There is no doubt that this offending on the victim who is a foreigner also has negative impacts on the image of Samoa as a country to visit.
Aggravating features relating to the offender
It is an aggravating features relating to the offender that he has a significant number previous convictions. Sapolu CJ in Police v Fuiono  WSSC 83 (26 July 2011) cited the case of R v Casey  NZLR 594 which guides me today in determining the part played by previous convictions in today’s sentencing. Sir Michael Meyers CJ in that case said;
The Court should always be careful to see if the sentence of a prisoner who has been previously convicted is not increased merely because of those previous convictions. If a sentence were increased merely on that ground it would result in the prisoner being, in effect, sentenced again for an offence which he has already expiated. We agree that the sentence passed ought to bear some relation to the intrinsic nature of the offence and gravity of the crime.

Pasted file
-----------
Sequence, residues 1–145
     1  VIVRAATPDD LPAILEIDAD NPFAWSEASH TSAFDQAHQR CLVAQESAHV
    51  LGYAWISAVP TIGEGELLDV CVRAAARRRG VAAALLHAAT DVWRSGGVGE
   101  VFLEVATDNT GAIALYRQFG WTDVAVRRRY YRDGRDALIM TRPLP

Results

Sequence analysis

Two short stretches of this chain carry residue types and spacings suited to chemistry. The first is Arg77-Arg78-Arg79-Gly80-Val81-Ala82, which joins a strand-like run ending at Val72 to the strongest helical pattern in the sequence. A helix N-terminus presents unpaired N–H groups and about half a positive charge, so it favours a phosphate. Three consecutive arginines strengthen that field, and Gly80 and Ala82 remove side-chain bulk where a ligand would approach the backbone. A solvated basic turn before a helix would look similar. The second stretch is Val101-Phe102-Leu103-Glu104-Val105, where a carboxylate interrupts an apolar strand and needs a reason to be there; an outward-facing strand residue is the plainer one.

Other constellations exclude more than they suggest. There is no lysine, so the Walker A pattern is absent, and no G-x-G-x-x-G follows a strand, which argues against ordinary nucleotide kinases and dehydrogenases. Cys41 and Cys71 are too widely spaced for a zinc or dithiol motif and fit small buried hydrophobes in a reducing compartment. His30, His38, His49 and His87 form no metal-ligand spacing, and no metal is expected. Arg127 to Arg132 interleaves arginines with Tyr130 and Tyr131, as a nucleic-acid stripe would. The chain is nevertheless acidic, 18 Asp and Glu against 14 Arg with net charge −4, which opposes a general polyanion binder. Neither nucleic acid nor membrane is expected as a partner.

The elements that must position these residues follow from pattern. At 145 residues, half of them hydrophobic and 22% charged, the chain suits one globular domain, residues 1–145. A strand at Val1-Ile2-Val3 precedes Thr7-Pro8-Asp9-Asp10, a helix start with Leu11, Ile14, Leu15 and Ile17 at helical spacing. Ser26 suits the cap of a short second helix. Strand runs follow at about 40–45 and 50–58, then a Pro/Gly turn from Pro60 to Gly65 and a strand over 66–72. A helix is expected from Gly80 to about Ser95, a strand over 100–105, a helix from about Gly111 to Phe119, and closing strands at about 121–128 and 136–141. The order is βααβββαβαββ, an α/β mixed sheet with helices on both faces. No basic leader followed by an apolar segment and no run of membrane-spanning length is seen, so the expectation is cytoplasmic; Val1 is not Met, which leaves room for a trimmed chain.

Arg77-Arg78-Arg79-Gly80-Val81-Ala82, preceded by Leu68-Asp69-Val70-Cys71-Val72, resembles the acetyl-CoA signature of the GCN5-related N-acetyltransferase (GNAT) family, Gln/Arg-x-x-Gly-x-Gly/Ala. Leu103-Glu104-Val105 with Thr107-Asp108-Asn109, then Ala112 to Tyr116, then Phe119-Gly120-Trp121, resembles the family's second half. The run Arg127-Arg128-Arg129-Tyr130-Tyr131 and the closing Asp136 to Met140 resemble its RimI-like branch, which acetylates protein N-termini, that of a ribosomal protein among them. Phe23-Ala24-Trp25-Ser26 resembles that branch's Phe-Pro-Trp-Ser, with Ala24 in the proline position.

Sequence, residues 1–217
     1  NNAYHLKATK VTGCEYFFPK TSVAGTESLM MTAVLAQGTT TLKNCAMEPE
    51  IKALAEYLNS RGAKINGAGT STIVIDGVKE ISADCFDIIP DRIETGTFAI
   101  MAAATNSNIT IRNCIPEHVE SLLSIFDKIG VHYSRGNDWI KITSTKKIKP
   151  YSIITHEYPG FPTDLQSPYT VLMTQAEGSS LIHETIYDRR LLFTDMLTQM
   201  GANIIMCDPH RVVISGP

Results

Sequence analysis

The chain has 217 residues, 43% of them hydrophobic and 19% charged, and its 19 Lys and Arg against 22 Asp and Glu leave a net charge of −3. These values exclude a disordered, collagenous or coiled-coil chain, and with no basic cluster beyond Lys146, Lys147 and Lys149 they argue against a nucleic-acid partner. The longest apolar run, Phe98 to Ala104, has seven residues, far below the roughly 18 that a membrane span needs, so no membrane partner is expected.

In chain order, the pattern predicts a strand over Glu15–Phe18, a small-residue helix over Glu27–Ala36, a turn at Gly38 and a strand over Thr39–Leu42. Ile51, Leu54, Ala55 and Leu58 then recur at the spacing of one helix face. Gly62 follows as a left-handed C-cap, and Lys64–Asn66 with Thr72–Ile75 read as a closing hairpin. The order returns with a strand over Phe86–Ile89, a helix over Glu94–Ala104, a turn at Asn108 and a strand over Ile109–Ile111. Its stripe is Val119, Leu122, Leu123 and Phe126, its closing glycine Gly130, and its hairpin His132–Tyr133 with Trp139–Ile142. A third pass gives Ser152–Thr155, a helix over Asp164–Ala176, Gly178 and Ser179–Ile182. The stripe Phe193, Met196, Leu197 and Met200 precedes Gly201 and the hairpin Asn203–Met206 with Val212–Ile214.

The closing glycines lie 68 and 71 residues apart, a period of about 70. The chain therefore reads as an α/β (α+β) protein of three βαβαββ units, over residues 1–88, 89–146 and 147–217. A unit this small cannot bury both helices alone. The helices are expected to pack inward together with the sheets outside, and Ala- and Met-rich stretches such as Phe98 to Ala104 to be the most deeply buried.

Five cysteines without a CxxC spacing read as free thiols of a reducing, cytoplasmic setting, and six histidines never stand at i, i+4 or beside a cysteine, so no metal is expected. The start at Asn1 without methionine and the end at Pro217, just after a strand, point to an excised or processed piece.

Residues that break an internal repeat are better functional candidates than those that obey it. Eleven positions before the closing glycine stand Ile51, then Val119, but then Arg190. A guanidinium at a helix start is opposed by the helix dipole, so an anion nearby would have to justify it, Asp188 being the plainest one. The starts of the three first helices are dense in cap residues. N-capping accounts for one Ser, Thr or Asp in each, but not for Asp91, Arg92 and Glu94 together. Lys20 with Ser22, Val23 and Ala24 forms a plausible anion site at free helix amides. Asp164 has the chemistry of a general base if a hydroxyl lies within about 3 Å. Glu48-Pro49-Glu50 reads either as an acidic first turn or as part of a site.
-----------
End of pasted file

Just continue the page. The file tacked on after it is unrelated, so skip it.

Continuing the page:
But it by no means follows that previous convictions must be ignored. It is necessary to take them into consideration, because the character of the offender frequently affects the questions of the nature and gravity of the crime and a prisoner’s previous conviction are involved in the question of his character. Further the previous convictions of a prisoner may indicate a predilection to commit the particular type of offence of which he is convicted, in which case it is the duty of the Court, for the protection of the public, to take then into consideration and lengthen the period of confinement accordingly.
It is also now contained in section 7(1) (j) of the Sentencing Act 2016 that one of the aggravating factors to be taken into account by the Court is the number, seriousness, date, relevance and nature of any previous convictions of the defendant and any convictions for which the defendant is being sentenced or otherwise dealt with at the same time.